I stood and was stabilized by Serana, who assisted me as I doffed the remnants of my destroyed iron armor and left them on the ground, leaving only my lightweight tunic underneath. As I looked her in the eyes, I was met not by her usual complexion, but by a smoother and warmer face, boasting not the eyes of a vampire but those of a human. A startling realization came over me. I stammered, “You’re…,” and she cut me off, “Cured, yes. While we were waiting for correspondence at the College from the White-Gold Tower, Phinis told me of a man in Morthal who could potentially cure vampirism. After I wounded you and left you for dead, I saw that Molag Bal intended to twist me to his will, and I knew that he would never let me kill my father, his servant. I was cured at once and came here, hiding in the shadows for the opportune time to strike.”

I forgave her for her attack against me, and explained that Isran’s forces were severely outnumbered in the grand hall and needed aid. I summoned the steed Arvak from the Soul-Cairn, upon whom we burst out of the double-doors into the main chamber as Serana lifted high Auriel’s Bow and I held aloft my own trophy from the altar-room, Harkon’s severed head. We trampled down the host of vampires who looked on in fear at their defeated leader as the members of the Dawnguard cheered and smote their foes. A glorious victory was gained over Molag Bal’s minions as we swept through the corridors and dungeons of the keep, slaughtering any fiends that were hiding in their holes and liberating prisoners who had been kept as livestock under the passing of innumerable moons. Blades were placed into their hands, which were willing to aid us in our conquest.

We completed our circuit of the fortress and met again at the small pier, rowing three trips back and forth from the mainland due to the number of prisoners added to our rank. I met Isran with a firm handshake, as well as Sorine, Gunmar, and Florentius, all of which vowed to continue their crusade against the vampires until they are wiped from the land.

Serana traveled with me to the Winking Skeever in Solitude, where we both rested for many hours. She explained to me that there was much of Skyrim that she had never seen, and now that she has no need to fear the Sun, she desires to visit every city and find true family. She asked what I had planned on doing next, and I told her that I had some business with the Companions, and sought to end the remnant of the Dark Brotherhood. She wished me luck on my journey, and I assured her that I believe in no such thing as luck.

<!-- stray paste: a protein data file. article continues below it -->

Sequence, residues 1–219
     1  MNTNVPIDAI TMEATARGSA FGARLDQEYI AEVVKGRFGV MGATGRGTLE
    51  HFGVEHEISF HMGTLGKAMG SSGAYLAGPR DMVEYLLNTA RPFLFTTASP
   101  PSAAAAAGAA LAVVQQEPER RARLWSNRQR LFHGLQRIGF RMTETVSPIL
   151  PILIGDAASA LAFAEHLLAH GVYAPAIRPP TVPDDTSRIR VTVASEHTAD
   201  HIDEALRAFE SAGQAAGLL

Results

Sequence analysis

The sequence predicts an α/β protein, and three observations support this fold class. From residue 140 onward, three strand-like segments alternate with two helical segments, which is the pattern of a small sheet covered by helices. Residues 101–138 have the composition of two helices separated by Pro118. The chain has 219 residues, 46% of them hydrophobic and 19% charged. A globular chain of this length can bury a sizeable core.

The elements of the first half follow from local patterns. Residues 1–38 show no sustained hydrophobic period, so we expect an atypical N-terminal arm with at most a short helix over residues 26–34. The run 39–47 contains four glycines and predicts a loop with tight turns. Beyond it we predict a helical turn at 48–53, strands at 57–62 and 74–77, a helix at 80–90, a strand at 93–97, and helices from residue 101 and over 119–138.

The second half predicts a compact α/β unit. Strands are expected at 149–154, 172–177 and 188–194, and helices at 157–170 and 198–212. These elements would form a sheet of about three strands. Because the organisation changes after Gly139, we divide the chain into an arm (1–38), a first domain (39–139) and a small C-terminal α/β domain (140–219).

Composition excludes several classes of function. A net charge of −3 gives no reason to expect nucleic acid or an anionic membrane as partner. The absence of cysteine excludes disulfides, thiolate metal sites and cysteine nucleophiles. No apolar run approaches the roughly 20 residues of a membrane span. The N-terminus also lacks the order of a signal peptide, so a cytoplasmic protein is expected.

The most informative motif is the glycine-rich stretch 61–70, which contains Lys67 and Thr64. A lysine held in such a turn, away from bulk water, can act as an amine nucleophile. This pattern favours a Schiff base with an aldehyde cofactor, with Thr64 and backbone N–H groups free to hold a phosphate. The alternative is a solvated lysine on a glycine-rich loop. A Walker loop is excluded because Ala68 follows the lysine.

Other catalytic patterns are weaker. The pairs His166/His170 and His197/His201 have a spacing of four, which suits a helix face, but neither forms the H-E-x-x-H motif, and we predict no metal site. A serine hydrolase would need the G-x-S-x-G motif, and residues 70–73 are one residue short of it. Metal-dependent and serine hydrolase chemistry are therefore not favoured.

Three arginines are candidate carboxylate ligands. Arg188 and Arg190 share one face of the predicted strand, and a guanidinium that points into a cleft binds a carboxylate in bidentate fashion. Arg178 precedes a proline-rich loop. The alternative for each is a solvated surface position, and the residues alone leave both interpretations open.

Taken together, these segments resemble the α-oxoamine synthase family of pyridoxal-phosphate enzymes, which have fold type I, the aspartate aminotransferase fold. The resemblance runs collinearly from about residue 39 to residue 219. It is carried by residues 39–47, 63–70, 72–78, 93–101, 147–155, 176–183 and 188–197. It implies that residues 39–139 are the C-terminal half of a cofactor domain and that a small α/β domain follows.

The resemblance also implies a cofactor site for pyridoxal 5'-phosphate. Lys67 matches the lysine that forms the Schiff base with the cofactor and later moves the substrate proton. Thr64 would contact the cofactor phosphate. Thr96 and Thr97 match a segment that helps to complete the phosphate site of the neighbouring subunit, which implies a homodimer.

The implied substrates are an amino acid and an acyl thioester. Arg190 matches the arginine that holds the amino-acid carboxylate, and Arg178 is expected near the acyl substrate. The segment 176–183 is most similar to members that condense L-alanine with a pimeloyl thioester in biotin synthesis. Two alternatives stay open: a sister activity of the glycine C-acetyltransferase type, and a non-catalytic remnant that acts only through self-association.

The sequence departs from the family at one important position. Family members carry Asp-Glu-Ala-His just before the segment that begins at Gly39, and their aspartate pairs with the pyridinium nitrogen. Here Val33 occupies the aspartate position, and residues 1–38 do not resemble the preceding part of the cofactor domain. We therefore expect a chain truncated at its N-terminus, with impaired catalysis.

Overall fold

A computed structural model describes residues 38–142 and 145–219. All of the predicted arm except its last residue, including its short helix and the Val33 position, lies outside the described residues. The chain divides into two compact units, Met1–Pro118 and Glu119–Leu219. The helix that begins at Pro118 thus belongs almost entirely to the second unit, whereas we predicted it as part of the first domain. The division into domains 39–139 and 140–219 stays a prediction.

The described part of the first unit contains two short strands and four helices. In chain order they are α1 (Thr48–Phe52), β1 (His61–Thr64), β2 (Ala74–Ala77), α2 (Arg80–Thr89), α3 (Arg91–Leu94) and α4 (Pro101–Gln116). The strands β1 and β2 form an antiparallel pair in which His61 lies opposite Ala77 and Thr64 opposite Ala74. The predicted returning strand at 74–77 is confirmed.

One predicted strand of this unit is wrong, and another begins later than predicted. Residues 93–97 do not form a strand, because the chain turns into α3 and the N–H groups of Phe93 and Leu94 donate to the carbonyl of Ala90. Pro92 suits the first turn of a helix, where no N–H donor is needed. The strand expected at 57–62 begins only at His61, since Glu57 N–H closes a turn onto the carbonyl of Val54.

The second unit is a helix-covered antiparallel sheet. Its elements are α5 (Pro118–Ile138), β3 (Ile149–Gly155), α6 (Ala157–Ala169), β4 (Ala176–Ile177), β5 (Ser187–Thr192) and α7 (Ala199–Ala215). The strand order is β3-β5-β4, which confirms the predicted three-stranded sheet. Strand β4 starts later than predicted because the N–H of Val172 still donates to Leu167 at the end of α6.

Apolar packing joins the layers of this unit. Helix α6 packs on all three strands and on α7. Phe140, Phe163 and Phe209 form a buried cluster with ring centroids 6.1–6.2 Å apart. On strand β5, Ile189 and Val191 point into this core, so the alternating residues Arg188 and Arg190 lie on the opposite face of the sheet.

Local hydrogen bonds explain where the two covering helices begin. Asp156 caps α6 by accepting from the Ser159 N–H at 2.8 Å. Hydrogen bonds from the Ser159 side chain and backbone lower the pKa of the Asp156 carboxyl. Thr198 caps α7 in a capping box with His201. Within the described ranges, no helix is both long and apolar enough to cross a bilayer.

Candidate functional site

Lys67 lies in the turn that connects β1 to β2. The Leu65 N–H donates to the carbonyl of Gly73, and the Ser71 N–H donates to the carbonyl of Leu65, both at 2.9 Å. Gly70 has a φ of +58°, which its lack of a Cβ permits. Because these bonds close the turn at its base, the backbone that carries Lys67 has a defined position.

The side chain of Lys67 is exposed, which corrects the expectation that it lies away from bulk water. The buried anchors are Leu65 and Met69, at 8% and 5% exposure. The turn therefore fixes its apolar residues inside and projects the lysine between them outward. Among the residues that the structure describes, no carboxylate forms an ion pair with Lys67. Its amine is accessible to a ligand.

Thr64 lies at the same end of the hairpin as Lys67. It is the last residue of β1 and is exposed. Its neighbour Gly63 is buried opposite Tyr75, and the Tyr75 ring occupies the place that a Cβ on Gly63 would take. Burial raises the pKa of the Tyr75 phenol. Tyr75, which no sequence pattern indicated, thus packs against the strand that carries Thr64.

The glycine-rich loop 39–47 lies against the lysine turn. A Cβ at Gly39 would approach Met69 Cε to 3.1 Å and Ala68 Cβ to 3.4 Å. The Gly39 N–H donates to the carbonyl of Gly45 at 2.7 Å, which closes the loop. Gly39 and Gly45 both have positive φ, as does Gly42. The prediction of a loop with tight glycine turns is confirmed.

Serana left some hours ago, and I plan on the morrow to travel by light of the Sun to Whiterun in order to forge a new set of armor and to meet Bjorn and Athis upon their honorable return.
 

Star Gazer

Well-Known Member
Entry 59:

I write from the Bannered Mare in Whiterun, having arrived after finding much pleasure during my short visit to Solitude and the journey thereafter. The journey itself was somewhat eventful; I left Solitude in an outfit purchased from Radiant Raiment, arriving at midday to the Four-Shield Tavern in Dragon Bridge. Upon my arrival, there was some small commotion over a letter, potentially a suicide, by one of the guards who seems to have thrown himself from the bridge. I went to investigate, casting detect dead as I walked the riverside. I discovered the guards body, upon which I found another note incriminating a certain “Adelpius,” of infiltrating the ranks of the Solitude guards. I returned to the tavern with the evidence, but was stopped by one of the guard, it was Adelpius himself. He accused me of slighting his honor, and challenged me to a duel in an hours’ time. Having no armor of my own, I returned to the riverside, claiming the helmet, plate-boots, and gauntlets of the deceased guard for myself, carrying his body up over the bridge and delivering him at the doorpost of the Penitus Oculatus outpost.